There is a higher prevalence of child and adolescent mental health problems among those living in low-income, step/blended and sole-parent families.
25% of males and 19.7% of females living in step/blended families, and 22.2% of males and 26.7% of females living in sole-parent families experienced mental health problems, compared to 11.3% of males and 10.7% of females living with their original parents.
Only one out of every four young persons with mental health problems had received professional health care.
Even among young people with the most severe mental health problems, only 50% receive professional help. Parents reported that help was too expensive or they didn't know where to get it, and that they thought they could manage on their own.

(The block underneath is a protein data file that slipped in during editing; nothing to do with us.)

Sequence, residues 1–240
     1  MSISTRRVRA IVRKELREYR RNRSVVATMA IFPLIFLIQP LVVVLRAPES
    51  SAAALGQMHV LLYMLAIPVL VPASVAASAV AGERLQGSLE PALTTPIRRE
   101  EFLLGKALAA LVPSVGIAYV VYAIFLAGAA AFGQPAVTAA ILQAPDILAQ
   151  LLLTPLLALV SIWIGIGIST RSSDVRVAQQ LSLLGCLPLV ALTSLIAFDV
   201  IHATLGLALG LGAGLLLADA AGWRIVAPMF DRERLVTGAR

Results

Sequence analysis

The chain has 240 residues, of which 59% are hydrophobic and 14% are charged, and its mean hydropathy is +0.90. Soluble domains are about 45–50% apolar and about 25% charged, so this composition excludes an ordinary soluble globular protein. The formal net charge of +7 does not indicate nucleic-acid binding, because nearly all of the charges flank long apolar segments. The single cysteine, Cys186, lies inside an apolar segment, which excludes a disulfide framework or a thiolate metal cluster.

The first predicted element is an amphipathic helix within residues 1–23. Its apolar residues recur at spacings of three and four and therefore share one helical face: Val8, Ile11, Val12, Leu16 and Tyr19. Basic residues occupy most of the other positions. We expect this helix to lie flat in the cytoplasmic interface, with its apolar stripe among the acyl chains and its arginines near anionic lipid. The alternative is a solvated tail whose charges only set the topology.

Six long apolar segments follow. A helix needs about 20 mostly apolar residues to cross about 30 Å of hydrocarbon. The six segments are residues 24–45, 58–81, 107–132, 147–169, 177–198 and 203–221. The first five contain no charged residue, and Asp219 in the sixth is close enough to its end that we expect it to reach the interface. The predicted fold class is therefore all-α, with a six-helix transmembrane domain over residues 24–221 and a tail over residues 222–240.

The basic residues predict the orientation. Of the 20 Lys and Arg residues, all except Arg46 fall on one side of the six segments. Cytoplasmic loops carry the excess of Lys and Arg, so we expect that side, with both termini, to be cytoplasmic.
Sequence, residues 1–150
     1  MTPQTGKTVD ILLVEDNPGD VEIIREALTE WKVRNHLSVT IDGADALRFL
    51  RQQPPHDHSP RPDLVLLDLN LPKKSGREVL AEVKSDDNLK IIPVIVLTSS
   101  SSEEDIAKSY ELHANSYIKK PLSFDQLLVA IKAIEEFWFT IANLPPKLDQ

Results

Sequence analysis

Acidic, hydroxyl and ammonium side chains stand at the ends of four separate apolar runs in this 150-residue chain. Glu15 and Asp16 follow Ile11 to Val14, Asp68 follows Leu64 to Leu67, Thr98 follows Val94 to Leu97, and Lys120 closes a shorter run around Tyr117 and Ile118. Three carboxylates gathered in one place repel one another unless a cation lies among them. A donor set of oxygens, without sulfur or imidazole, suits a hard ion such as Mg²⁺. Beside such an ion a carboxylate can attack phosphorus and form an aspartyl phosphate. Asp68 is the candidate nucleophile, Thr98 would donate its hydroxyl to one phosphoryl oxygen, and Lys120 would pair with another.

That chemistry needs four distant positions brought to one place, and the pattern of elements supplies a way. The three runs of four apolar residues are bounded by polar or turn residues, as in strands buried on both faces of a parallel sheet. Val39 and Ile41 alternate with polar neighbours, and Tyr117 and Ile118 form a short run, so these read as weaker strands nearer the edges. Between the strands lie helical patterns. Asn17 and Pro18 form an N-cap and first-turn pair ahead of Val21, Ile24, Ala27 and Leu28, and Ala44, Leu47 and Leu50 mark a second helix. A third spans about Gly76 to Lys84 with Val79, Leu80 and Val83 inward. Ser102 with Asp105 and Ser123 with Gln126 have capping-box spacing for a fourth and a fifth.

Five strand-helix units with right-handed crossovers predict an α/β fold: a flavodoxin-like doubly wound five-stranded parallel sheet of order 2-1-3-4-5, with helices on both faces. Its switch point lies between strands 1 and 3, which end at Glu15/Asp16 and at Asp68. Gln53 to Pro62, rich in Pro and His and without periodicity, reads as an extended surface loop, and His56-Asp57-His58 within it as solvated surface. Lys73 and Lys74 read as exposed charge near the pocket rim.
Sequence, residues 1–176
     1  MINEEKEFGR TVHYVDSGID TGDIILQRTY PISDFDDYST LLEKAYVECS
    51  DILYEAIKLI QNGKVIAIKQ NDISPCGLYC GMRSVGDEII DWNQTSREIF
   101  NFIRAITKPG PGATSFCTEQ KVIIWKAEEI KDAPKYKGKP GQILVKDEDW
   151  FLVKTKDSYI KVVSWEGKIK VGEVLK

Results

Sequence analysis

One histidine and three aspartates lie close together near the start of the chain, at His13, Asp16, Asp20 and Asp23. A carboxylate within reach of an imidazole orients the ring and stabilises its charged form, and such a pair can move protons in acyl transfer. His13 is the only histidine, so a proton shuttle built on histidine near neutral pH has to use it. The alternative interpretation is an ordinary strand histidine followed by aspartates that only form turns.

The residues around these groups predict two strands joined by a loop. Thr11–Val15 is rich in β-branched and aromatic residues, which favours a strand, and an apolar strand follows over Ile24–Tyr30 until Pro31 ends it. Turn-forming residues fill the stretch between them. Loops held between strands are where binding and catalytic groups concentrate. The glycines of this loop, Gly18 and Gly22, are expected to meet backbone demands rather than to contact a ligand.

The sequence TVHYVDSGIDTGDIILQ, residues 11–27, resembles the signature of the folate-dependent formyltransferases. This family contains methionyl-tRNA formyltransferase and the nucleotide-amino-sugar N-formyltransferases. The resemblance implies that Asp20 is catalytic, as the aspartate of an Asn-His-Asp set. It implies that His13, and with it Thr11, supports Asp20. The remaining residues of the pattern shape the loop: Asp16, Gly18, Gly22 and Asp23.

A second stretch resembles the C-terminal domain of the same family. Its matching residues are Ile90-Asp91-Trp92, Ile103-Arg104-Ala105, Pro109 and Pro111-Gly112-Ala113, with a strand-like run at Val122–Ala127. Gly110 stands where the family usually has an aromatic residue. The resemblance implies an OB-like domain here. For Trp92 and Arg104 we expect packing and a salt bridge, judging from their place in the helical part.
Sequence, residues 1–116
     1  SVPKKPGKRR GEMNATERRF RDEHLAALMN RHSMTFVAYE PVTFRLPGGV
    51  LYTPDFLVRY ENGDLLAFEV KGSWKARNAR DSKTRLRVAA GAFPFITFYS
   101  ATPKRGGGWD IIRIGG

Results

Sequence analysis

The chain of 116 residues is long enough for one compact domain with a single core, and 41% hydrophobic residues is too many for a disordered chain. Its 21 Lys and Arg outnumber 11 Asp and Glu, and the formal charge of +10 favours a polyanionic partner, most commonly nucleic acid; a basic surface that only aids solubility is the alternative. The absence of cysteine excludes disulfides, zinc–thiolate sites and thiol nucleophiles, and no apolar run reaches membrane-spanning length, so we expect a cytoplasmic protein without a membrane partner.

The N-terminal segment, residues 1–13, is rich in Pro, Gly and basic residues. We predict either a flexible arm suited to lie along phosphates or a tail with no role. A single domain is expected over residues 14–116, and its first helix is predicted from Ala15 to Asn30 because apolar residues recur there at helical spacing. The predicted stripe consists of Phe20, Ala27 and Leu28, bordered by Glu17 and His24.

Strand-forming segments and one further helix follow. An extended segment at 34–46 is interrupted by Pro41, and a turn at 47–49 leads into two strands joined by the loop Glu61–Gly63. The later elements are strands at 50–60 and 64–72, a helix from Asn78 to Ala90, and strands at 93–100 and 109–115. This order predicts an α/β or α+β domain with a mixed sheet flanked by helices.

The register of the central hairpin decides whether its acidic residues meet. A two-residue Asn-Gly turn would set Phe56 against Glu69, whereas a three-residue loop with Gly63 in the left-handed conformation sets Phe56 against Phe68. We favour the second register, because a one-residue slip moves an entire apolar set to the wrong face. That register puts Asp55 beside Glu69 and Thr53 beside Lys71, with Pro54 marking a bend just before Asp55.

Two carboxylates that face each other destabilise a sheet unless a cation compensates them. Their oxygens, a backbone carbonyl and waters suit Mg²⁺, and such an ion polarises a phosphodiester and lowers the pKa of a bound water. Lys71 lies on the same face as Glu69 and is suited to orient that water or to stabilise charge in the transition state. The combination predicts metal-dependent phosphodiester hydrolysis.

Adolescents with mental health problems report a high rate of suicidal thoughts and other health-risk behaviour, including smoking, drinking and drug use.
12% of 13-17 year olds reported having thought about suicide, while 4.2% had actually made a suicide attempt. Females had higher rates of suicide ideation than males.
Of critical importance- • 90% of those who die by suicide suffer from diagnosable & treatable mental illness
behavioural/psychological pattern • pain or impairment • not otherwise explainable by physical condition • not due to present unpleasant circumstance i.e. death
What about good mental health? • Possession of skills necessary to cope with life and its challenges • Ability to think clearly • Develop socially • Build fulfilling relationships • Learn new skills • Adapt to change • Cope with adversity
Causes Nature v Nurture
Heredity (genetics): Mental illness tends to run in families, which means the likelihood to develop a mental disorder may be passed on from parents to their children.